Has anyone noticed how the 'Gotham' typeface is edging out 'Helvetica' in our cultural space (book covers, movie posters, etc). The typeface has much to commend it. It is clean like Helvetica but seems a little less congested i.e. there appears to be a touch more space between the characters.

I do feel terribly alone in such observations.

Book: Big Money by P.G.Wodehouse

I had forgotten that I had already read "Big Money" by P.G.Wodehouse, but this is no bad thing because it's a rollicking read. The story is a typical Wodehouse farce, with many great lines, some of which are copied down below.


'It charmed her to think her long-range estimate of this young man had not been at fault. She had classed him on sight as one who lived dangerously and dashingly, and she had been right.'

'In a hundred beds a hundred young man stopped drinking their tea in order to give that notice their undivided attention (re the marriage announcement of Ann Moon).'

'He intrigued her, this lean, slim young man with his keen face and fine shoulders. He had an air, she thought, of one who did things. He somehow suggested brave adventures. She could picture herself, for instance, trapped in a burning house and this young man leaping gallantly to the rescue. She could see herself assailed by thugs and this young man felling them with a series of single blows.'

'It was quite evident to him by now that he had happened upon the one number of the opposite sex who might have been constructed from his own specifications.'

'Like an enthusisatic but ill-advised sportsman in the jungles of India who has caught a tiger by the tail, he was feeling that he was alright so far, but that his next move would require a certain amount of careful thought.'

'I shall sell a few trinkets and obtain a bit of ready for necessary expenses...'

'That grandparent of yours must have a perfect mass of brain cells. I expect they run excursion trains up to see him.'

'In moments of mild peril the mind moves quickly.'

'Then, lighting a cigar, he gave hismelf up to meditation. The sunshine which so recently had bathed his world had vanished. There had been a total eclipse.'

And some nice Wodehousian lingo:
- 'The very sound of the word is balm.'
- 'Bitter lemon.''
- 'Restorative.'

Tuesday, November 25, 2014

School of Life: Literature

The School of Life recently launched a Youtube channel. It's already packed with loads of great videos, including this cool one on the value of literature:

Book:The Book of Disquiet by Fernando Pessoa

'The Book of Disquiet' by Fernando Pessoa, which I would describe a kind of literary precursor to movies like the Fight Club, The Machinist or even American Psycho,  is an intriguing and mysterious introspection in which an alienated and introverted clerk escapes into his rambling, deeply philosophical dreams. The clerk is totally lost in the depths of his thoughts, a situation compounded by a self-imposed isolation and lack of willingness to move forward and get on with things. Instead, the clerk is trying to seek resolutions in his ponderings, when perhaps there are none. The continuous circling of thoughts, absence of meaningful action, and endless longing for sleep is worrying and creates a sense of existential nausea and unease (that'll be the "Disquiet"). That said, even though the the book can be a bit of a slog that can leave the reader in a daze, it is also magical, haunting and poetic, and is worth the perseverance for its originality. Interestingly, the books fragmentary nature is partly down to the fact that the book was put together from scraps of Pessoa's scribblings, discovered in one of the author's trunks after his death.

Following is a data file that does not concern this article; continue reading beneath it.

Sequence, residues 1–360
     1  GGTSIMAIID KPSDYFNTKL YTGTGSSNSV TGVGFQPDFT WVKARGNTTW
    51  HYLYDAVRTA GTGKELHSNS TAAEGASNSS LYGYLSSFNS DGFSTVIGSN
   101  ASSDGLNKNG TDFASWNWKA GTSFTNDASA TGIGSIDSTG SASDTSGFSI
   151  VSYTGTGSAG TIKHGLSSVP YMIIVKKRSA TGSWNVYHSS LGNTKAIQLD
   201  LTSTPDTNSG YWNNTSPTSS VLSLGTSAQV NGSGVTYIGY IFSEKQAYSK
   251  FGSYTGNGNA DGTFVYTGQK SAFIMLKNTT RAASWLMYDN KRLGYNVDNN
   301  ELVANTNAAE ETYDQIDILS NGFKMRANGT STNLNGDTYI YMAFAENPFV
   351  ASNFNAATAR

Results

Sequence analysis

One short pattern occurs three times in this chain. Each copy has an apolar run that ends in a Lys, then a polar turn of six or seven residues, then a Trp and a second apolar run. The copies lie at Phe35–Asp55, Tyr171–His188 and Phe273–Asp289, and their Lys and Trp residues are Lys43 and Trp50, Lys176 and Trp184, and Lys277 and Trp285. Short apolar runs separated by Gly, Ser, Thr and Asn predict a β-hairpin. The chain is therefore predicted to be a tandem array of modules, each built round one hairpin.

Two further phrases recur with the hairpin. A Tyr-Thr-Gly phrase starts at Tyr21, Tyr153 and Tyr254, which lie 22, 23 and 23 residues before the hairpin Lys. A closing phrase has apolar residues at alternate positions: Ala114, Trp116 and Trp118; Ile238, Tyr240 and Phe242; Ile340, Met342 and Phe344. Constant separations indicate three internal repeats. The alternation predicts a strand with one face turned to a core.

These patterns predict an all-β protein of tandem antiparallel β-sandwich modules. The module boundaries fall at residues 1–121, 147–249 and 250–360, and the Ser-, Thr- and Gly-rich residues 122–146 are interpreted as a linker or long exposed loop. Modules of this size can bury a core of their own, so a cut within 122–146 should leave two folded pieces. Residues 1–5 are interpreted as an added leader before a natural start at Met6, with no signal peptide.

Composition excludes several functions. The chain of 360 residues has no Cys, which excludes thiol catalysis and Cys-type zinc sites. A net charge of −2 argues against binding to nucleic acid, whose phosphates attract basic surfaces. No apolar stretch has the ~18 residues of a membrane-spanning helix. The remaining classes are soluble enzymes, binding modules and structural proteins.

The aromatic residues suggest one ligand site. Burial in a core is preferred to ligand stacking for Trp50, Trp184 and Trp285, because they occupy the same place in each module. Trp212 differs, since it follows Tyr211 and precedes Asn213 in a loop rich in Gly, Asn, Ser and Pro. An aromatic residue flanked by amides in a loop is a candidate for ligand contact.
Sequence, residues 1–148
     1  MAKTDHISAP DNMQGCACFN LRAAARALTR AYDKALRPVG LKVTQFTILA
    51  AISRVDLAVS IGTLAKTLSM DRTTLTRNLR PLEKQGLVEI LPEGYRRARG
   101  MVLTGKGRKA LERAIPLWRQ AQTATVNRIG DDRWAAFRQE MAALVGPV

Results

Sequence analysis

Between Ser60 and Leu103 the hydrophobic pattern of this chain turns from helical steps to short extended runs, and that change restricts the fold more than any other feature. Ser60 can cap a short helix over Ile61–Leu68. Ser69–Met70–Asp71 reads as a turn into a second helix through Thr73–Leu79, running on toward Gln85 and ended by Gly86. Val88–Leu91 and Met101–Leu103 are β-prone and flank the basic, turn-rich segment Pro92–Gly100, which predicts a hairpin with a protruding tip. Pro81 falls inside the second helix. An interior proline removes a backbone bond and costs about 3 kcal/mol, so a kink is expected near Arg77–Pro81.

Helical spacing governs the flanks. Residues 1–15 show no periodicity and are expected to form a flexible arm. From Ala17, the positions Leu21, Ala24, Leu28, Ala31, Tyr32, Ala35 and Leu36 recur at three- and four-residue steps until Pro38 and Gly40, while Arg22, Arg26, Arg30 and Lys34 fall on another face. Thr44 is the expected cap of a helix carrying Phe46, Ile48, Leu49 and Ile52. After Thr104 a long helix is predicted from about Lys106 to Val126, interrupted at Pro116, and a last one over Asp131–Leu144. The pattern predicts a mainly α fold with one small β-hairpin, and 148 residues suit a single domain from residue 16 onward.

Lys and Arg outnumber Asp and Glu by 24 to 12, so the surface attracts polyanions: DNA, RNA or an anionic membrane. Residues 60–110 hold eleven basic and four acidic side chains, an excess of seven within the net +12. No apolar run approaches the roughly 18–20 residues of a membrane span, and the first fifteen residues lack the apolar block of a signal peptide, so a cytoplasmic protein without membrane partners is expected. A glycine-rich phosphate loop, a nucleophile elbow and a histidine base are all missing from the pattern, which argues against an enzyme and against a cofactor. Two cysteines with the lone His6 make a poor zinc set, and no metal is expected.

In following posts, I'll scribble down some of my favourite passages from this one-of-a-kind quest in to the desolate nowhere land that is the boundary of the interior of the individual.

"That is what I believe, this afternoon. Tomorrow morning it will be different, because tomorrow morning I will be different. What kind of believer will I be tomorrow? I don't know, because to know that I would already have to be there. Tomorrow or today not even the eternal God I believe in now will know, because today I'm me and tomorrow he perhaps may never have existed."
"Happy the man who demands no more from life than what life spontaneously gives him and guides himself with the instinct of cats who seek the sun where there is sun and, when there is no sun, find what warmth they can.  ....Happy the man who renounces everything and from whom, therefore, nothing can added or subtracted. "

Monday, November 24, 2014

Book: The Art of War by Sun Tzu

I really wasn't expecting to enjoy the Art of War - a classic text on war strategy that is favoured amongst corporate executive types - but enjoy it I did. The Art of War is is beautifully written, translated in a highly poetic style that encourages contemplation. There is clearly an element of time rusting this book to gold; if you were to replace the referenced military hardware at the time (horses, cross-bows etc), with jet fighters and tanks, it would lose much of its charm, even though the underlying strategic message would be unchanged. The text is not faultless by any means, as the translator, who has performed an excellent job, points out in an interview: